I get ready to show my ID card in some migration control, but nobody stops me at any point, and I just keep walking/jogging with the rest of the world across the bridge, a survival strategy that I learned here on the go. There are less chances to be hit by a car when you're running in groups! But why is everyone in such a hurry here? Is the bridge breaking? I can't explain. I just gasp my way across the bridge, breathing in the toxic exhaust from the dozens of cars, motorcycles and huge trucks next to me.
I get a glimpse of river Paraná between the bars on the sides of the bridge. A river with so much historical and commercial significance should have a more glamorous way to be contemplated than this dirty, decaying bridge, I think.
Nobody welcomes me on the Paraguayan side either. Well. Now that I think about it, that would be an impossible task, because the flux of people and vehicles is massive and continuous. There would be no way to check everyone. So the border between Foz and Ciudad del Este is completely permeable.
After successfully SURVIVING (literally) the border crossing, I make it to a city that is all capitalism and consumerism and craziness, all in one. You get tackled by sellers offering you whatever you can imagine. This is the kingdom of shopping malls, the empire of reckless driving, and the unchallenged dominion of litter and poverty.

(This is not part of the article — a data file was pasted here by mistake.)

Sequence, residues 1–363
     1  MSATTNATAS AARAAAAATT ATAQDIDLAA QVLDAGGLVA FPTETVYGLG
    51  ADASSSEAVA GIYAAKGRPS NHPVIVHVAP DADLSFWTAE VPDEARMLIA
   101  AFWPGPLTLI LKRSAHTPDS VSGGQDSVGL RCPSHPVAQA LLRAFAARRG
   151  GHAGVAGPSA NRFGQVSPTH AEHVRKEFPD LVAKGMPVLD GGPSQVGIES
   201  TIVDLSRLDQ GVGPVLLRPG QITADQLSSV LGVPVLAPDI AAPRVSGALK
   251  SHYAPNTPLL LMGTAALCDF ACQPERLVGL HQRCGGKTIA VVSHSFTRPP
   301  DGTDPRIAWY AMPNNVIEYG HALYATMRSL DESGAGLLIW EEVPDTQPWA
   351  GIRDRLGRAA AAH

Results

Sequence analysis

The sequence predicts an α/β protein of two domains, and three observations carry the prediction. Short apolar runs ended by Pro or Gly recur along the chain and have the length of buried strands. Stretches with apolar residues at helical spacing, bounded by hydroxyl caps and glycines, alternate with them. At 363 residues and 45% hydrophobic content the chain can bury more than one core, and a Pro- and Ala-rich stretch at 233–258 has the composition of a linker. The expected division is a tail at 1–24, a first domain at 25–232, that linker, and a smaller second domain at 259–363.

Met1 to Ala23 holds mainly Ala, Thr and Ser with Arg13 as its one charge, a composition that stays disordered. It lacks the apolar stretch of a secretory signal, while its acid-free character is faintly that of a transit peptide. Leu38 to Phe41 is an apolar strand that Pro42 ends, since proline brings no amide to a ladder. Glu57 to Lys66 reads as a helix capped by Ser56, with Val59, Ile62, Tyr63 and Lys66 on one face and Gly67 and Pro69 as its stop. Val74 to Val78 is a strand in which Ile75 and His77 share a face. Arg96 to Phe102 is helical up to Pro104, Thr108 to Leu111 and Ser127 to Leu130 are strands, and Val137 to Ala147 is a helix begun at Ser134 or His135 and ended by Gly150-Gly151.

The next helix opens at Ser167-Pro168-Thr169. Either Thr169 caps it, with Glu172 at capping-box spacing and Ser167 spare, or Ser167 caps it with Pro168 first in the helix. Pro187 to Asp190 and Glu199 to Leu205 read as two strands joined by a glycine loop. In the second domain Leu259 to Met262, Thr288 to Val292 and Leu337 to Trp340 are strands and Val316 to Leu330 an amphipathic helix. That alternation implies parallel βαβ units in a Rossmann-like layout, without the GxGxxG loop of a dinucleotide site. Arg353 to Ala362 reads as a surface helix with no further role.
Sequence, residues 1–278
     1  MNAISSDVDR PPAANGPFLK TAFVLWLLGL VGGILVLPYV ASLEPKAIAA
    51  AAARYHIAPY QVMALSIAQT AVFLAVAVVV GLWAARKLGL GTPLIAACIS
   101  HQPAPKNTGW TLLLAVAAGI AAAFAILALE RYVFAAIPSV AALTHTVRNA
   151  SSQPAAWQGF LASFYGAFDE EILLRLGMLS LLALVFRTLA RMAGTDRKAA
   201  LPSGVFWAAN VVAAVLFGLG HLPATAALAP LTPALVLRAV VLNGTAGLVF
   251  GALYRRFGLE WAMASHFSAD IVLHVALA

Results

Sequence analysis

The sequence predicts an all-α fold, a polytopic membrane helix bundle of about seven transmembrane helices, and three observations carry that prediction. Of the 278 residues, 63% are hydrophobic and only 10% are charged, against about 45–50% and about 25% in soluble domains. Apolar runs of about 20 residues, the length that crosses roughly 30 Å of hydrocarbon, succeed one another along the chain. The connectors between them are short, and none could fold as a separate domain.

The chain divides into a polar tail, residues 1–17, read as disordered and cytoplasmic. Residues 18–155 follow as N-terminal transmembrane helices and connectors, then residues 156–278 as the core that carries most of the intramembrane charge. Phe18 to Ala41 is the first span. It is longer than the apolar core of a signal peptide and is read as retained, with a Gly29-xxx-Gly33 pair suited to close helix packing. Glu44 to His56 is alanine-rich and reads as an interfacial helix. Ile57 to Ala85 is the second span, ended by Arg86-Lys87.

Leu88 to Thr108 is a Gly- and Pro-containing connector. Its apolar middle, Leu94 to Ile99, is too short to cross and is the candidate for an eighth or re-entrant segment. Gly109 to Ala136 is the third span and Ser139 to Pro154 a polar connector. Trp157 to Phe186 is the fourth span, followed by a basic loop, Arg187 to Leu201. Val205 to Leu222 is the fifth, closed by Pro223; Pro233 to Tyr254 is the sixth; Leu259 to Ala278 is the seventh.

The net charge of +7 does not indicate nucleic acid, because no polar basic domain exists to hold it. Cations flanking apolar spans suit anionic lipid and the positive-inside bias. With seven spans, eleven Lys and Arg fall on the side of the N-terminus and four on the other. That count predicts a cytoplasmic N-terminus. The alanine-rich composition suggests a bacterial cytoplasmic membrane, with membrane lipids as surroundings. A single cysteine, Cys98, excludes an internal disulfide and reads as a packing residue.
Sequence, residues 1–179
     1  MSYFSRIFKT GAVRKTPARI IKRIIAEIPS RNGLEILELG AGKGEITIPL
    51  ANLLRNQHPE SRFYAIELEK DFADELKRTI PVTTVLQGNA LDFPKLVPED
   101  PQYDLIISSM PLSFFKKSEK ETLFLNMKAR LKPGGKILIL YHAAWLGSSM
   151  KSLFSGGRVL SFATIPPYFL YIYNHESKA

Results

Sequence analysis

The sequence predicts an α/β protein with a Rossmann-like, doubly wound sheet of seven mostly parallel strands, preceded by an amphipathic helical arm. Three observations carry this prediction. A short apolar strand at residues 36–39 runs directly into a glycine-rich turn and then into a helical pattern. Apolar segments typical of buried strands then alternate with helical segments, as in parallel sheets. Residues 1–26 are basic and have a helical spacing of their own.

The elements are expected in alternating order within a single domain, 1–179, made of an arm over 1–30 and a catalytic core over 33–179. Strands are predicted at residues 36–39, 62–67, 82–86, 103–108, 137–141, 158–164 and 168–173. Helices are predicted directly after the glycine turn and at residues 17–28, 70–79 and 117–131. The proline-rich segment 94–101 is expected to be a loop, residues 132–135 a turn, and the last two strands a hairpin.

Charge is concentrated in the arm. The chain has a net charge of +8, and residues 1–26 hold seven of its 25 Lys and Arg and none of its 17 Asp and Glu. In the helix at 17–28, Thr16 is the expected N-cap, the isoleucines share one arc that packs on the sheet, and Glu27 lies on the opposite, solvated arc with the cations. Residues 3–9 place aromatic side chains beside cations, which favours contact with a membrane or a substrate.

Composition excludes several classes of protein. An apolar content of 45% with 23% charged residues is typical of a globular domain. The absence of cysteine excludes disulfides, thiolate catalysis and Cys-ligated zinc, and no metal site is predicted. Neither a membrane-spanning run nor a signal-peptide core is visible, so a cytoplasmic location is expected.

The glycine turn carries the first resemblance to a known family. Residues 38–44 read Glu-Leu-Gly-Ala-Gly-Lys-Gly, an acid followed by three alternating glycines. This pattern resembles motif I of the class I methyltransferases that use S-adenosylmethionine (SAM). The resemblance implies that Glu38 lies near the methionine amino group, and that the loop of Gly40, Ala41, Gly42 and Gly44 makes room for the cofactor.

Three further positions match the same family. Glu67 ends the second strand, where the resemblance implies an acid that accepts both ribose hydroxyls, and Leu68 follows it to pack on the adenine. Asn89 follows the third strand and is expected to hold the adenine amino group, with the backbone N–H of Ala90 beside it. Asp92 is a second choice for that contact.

I try to hide from all this chaos in what seems to be a quiet corner…
…only to discover that it's just as crowded as outside.
I'm a fan of street food, but I'm not really convinced that I should try churrasco griego on the streets of Ciudad del Este. The hygiene standards seem to be very low. Then again, what could go wrong?
Well, I was expecting diarrhea and severe dehydration, but I "only" got nausea, stomachache, and a splitting headache. I must have a new pet in my head, now. One of those brain-eating worms, I guess. 🐛
I walk a bit further along the avenue, but I soon decide that I've had enough of Ciudad del Este. Too many cars and people. Just shops and more shops. A perfect place for a shopping spree, but definitely not for a relaxing walk. Let alone a honeymoon!
Bananas are incredibly cheap here. 25 for less than a dollar.
I head back to the border facilities where I perform my surviving act again…
…and get to see this view of Foz do Iguaçu from the bridge.
There's a lookout on the Brazilian side from where you can see Ciudad del Este and the bridge over river Paraná.
All in all, Ciudad del Este is not heaven on earth, but it's not complete hell, either. It might make for a great shopping destination.
My next cellphone might come from here!
Thanks for reading!! 😁
JetSmart has kept flying to tourist destinations that were normally available only during high season.
Surprisingly, JetSmart was as punctual and efficient as the best airline this time.
Their prices are very convenient. Of course, they rely on you paying for your seat, baggage, and other additional services, but their prices are still reasonable.
They sell alcohol on their flights. That "ginzotti" was remarkable.
And the mechada sandwich is back!
*Lit. "No evil comes for no good reason."